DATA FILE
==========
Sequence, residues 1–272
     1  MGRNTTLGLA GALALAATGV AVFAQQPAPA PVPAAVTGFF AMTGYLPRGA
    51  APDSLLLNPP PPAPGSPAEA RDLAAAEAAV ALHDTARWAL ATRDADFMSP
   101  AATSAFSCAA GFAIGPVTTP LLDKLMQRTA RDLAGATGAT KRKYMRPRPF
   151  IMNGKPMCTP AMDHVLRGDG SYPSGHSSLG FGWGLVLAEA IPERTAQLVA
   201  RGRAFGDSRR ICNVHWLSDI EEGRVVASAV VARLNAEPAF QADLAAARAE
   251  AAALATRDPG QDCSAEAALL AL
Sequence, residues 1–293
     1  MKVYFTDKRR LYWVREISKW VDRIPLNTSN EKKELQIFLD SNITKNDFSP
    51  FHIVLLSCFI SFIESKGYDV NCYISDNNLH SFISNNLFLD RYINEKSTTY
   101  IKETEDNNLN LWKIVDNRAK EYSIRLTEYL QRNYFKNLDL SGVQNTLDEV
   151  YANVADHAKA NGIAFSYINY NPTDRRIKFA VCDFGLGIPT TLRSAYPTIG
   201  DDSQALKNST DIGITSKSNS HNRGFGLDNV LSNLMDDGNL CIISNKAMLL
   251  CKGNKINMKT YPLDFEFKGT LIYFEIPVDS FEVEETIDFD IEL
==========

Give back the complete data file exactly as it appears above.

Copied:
Sequence, residues 1–272
     1  MGRNTTLGLA GALALAATGV AVFAQQPAPA PVPAAVTGFF AMTGYLPRGA
    51  APDSLLLNPP PPAPGSPAEA RDLAAAEAAV ALHDTARWAL ATRDADFMSP
   101  AATSAFSCAA GFAIGPVTTP LLDKLMQRTA RDLAGATGAT KRKYMRPRPF
   151  IMNGKPMCTP AMDHVLRGDG SYPSGHSSLG FGWGLVLAEA IPERTAQLVA
   201  RGRAFGDSRR ICNVHWLSDI EEGRVVASAV VARLNAEPAF QADLAAARAE
   251  AAALATRDPG QDCSAEAALL AL
Sequence, residues 1–293
     1  MKVYFTDKRR LYWVREISKW VDRIPLNTSN EKKELQIFLD SNITKNDFSP
    51  FHIVLLSCFI SFIESKGYDV NCYISDNNLH SFISNNLFLD RYINEKSTTY
   101  IKETEDNNLN LWKIVDNRAK EYSIRLTEYL QRNYFKNLDL SGVQNTLDEV
   151  YANVADHAKA NGIAFSYINY NPTDRRIKFA VCDFGLGIPT TLRSAYPTIG
   201  DDSQALKNST DIGITSKSNS HNRGFGLDNV LSNLMDDGNL CIISNKAMLL
   251  CKGNKINMKT YPLDFEFKGT LIYFEIPVDS FEVEETIDFD IEL